If you can now afford to make your mortgage payments, but still wish to sell your home, filing a Chapter 13 bankruptcy will cancel the scheduled foreclosure sale and give you time to list your property for sale. This will allow you to gain more profits and to net additional proceeds from your home than you would typically earn at a foreclosure sale.

6. Keep Your Car

So long as you continue to make your car payments, you can typically keep your vehicle(s). Most people who have car payments do not have enough or any equity in their vehicle for the cars to be considered non-exempt. In fact, in the majority of cases, people owe more than their car is worth. Only in cases where you have a car that is worth considerably more than the amount owing on it, or a car of significant value where you have no loan on it at all, would you not be allowed to keep your vehicle in a bankruptcy proceeding.

Chapter 7 also gives you an option to "Redeem Your Vehicle". This process involves you paying the secured creditor the fair market value of the collateral, which is typically far lower than the amount you still owe on your current car loan. In exchange for redeeming your vehicle, the creditor provides you with the release of their lien. There are several redemption finance companies we can refer you to that will provide you with a loan will have new and lower payments based upon your vehicle's current and fair market value.

Property you cannot keep in Chapter 7 Bankruptcy
When filing for a Washington State bankruptcy, some types of property are typically non-exempt and can be used to pay at least a portion of the claims of creditors. Examples of non-exempt property include: cash and bonds (not part of a retirement account), investments over a certain amount, a second car (for single, non-married debtors), a second home, family heirlooms over a certain value, valuable collections such as paintings, coins, or stamps, and expensive trade or business equipment.

The filing of a Chapter 7 bankruptcy will also stop garnishments and civil lawsuit proceedings and, in most cases, discharge the debts underlying these proceedings. The length of a Chapter 7 Bankruptcy case is generally 3-4 months from filing the bankruptcy petition to the final discharge of debts. In order to find out if you qualify for a Chapter 7, it is important to talk with an experienced Washington bankruptcy lawyer.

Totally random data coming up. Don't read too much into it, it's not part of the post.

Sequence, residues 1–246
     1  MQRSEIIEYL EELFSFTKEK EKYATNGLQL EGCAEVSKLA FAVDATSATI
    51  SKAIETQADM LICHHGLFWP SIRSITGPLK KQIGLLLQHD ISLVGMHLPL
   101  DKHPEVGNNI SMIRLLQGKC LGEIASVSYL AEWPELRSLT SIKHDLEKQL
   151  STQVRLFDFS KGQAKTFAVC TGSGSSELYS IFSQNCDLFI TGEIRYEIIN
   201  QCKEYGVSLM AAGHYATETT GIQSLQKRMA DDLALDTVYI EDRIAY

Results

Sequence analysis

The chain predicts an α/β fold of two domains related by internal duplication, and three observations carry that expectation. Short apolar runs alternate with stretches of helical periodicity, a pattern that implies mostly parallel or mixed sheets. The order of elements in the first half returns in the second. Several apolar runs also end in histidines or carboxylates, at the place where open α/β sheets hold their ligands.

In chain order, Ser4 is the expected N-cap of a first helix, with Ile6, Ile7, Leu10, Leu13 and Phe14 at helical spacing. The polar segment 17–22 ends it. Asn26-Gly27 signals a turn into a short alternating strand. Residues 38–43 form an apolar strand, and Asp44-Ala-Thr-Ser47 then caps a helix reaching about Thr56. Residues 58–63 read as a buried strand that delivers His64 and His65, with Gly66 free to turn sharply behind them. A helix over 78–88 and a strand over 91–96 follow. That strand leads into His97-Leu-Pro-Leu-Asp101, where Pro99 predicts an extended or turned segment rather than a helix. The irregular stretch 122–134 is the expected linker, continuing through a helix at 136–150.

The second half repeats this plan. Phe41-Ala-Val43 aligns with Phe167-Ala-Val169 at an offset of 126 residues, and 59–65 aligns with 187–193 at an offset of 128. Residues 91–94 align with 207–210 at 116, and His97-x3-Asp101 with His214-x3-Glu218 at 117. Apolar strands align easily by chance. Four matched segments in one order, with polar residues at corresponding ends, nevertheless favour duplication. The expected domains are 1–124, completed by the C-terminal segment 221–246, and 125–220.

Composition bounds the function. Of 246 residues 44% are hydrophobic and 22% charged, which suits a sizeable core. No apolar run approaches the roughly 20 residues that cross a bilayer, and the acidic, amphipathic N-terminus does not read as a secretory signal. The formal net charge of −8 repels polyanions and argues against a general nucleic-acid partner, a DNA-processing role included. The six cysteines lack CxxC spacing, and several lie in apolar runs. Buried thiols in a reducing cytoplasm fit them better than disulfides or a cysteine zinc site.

The state median income level

Under the new bankruptcy laws that took effect October 17, 2005, if your income is above your state's median income, you may not qualify for Washington State Chapter 7 protection. The median income varies from state-to-state and each state therefore has their own list of the state median income thresholds for individuals and married couples with or without dependent children. For a detailed list of Washington income threshold's, please contact our offices at 206-624-3644.
Non-Dischargeable Unsecured Debts
Certain unsecured debts are not dischargeable in a Chapter 7 Bankruptcy and must continue to be repaid in full. These include unpaid taxes, government- backed student loans, and unpaid child support. In many cases, however, your monthly payments of these debts can be restructured and lowered by filing a Washington Chapter 13 Bankruptcy.

Chapter 7 also gives you an option to "Redeem Your Vehicle". This process involves you paying the secured creditor the fair market value of the collateral, which is typically far lower than the amount you still owe on your current car loan. In exchange for redeeming your vehicle, the creditor provides you with the release of their lien. There are several redemption finance companies we can refer you to that will provide you with a loan will have new and lower payments based upon your vehicle's current and fair market value.

At Washington State bankruptcy over 90% of individuals and families still qualify for Washington bankruptcy laws under the 2005 bankruptcy reform act. Research indicates that over 90% of those eligible to file for bankruptcy in Seattle, Everett and Tacoma.

Read 624 times Last modified on Sunday, 18 April 2010 20:32